No one had quite figured out how to make the roofing system work, and that’s where Kumar first turned to chemistry. “The right adhesives made all the difference in sealing the seams,” he says. Fire­stone developed the adhesives with the help of Uniroyal. Kumar and his team also came up with a contractor certification and roofing guarantee system to help sell the roofing to commercial customers.

“Well, it just took off. We couldn’t keep the product on the shelf,” Kumar says. “The company was delighted and featured me in their annual report, and I was invited to meet the board.” By 1984, he was president of the building products business.

After Bridgestone bought Firestone in 1988, Kumar was tapped to head the firm’s retail tire operations, which were hemorrhaging cash. Applying some of the lessons he learned from his 7-Eleven days, Kumar took the business from losing $500 million a year to earning that much.

Kumar’s marketing and sales successes brought him to the attention of Samuel J. Heyman, a legendary investor known for his attempted takeovers of petrochemical giant Union Carbide and other chemical companies. One firm Heyman succeeded in buying was the roofing products maker GAF, and in 1995 he recruited Kumar to head it.

At GAF, Kumar followed the playbook that worked at Firestone by implementing a contractor certification and roofing guarantee system for GAF’s shingles. Four years later, Heyman asked Kumar to head the former GAF chemical operation, which by then was called ISP.

What made working at ISP fun was the chemistry. Kumar says he loved that polyvinylpolypyrrolidone could clarify beer or that butanediol-based adhesives could be added to toothpaste to bond gingivitis-fighting active ingredients to teeth. “To see it work was absolutely fascinating. I loved going to customers and meeting with R&D people.”

He also worked for a tough, outspoken boss. “Sam Heyman was a guy who had strong opinions when he was in front of a group. But when you met him one-on-one, he was very open-minded,” Kumar recalls. Rather than confront him in public, Kumar would call Heyman at home to discuss disagreements, “and more than half the time, he would change his mind,” he says.

“Sam was bright and hardworking and intellectually honest,” Kumar says. “It was easy to live with his difficult nature when you knew the other side.”

In 2003, Heyman tried but failed to buy the chemical maker Hercules and merge it with ISP. Ironically, the two firms eventually did come together: Ashland bought Hercules in 2008 and then ISP in 2011. Kumar’s last job at ISP was to engineer the sale.

Kumar stepped down at the start of a period of improvement for the U.S. chemical industry. Low-cost, domestically produced oil and gas from shale began providing companies with energy and feedstock advantages over European and Asian competitors. Combine that with high productivity and a low cost of capital, and the U.S. will become a huge exporter in the years to come, Kumar predicts.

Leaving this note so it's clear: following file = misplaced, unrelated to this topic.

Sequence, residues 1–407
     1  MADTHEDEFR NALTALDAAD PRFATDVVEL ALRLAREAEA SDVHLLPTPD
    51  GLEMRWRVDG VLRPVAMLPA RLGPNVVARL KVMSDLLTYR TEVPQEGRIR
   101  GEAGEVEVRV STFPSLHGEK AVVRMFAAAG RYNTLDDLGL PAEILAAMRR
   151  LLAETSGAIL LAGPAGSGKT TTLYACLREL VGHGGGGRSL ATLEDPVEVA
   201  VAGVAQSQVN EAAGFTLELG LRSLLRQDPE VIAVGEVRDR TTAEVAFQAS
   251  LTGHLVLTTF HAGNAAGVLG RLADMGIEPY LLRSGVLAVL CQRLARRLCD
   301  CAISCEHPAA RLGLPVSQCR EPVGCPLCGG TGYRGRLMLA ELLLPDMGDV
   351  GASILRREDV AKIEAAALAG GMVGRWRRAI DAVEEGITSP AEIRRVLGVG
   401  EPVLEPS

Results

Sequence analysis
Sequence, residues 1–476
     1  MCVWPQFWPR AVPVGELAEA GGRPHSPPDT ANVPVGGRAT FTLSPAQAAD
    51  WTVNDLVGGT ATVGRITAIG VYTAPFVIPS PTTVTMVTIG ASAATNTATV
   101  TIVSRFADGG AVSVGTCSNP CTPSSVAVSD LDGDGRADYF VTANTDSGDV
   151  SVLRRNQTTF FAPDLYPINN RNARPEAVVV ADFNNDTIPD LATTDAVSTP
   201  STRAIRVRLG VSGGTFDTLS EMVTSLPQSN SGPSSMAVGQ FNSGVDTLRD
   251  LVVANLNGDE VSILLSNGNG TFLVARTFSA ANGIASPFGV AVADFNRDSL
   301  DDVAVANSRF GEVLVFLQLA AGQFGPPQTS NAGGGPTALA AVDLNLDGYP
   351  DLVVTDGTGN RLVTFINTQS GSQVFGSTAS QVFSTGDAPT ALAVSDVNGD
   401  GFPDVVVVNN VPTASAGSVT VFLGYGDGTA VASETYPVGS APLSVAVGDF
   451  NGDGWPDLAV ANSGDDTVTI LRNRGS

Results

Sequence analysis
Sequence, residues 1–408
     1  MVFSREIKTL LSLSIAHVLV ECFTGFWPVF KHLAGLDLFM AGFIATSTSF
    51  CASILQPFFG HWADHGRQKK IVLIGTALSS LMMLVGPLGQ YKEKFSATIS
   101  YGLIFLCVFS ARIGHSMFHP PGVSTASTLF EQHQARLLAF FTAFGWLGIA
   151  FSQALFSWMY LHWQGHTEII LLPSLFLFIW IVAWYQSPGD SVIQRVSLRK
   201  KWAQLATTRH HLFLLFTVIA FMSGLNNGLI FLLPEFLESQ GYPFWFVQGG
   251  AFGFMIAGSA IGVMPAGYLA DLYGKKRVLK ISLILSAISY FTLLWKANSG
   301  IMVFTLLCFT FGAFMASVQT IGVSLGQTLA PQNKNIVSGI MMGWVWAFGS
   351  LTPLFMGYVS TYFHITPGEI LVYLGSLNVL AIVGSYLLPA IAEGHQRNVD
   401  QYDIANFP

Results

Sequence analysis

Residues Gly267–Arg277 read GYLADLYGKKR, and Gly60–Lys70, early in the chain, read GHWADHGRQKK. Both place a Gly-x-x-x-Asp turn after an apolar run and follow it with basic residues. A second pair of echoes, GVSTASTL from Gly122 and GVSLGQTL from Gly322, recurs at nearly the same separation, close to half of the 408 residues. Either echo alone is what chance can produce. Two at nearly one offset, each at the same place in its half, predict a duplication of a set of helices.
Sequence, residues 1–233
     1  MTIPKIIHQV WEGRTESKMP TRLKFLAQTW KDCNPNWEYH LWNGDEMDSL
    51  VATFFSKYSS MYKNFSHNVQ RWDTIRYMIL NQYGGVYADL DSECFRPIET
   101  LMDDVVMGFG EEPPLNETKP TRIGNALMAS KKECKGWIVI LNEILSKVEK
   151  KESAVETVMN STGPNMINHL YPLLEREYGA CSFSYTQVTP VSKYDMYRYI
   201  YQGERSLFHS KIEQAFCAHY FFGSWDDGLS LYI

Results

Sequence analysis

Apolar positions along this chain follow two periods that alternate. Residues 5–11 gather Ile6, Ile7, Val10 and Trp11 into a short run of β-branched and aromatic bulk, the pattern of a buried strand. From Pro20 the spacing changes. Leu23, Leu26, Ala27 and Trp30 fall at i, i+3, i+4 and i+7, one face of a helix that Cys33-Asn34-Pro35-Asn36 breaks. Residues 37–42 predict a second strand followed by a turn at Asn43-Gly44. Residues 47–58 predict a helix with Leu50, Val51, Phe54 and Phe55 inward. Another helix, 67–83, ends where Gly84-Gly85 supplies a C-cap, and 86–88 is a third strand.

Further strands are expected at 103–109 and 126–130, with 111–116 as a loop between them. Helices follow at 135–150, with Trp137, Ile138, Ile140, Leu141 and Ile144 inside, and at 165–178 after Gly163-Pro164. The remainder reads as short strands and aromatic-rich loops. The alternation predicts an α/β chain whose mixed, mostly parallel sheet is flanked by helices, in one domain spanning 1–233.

Although India also offers better business opportunities than when he left it, they still can’t compare with the opportunities available in the U.S., Kumar maintains. He spends part of his time as an adviser to the Indian energy and chemical giant Reliance Industries, providing advice on elastomers plants now under construction in India.

India’s economy grows at 6% a year, but its per capita output is stagnant because of population growth. In the U.S., lower population growth and 3% economic growth mean real per capita growth. And although India graduates large numbers of engineers, most, Kumar contends, aren’t well trained.

“There must be something wrong when a country that graduates 300,000 engineers per year gets no Nobel Prizes, gets few patents, and has only a $1.8 trillion economy,” Kumar says.

He sees no need for the U.S. to churn out engineers to better compete with India. Although the U.S. can always stand to improve its educational system, Kumar says, the country already “has more than enough brilliant scientists, inventors, and chemists.”

What the U.S. shouldn’t do, Kumar says, is send talented foreigners trained in U.S. schools back to their home countries because of visa restrictions. “That is like gold slipping through your fingers,” he says.

In addition to consulting for Reliance, Kumar has occupied himself since retiring from ISP by buying two companies through Wembly Enterprises. Nylon Corp. of America, a maker of specialty nylon for wire and cable coatings, is now overseen by his daughter Monica. Universal Plastics, a maker of thermoformed seating components and medical device housings, is run by his son Jay. “I’m a huge believer in the resurgence of American manufacturing,” Kumar says.

He also continues to be a huge believer in America. “I wouldn’t say that a person born in America is superior to a person not born in America. God creates everyone equal,” Kumar says. But a person who is born in the U.S., or grows up, lives, and works in the country, “becomes superior after a number of years because America’s system is exceptional.”

As Kumar sees it, America “is a new civilization, and it is more than just immigrants coming here and finding jobs.” The country, he declares, “creates spectacular successes.”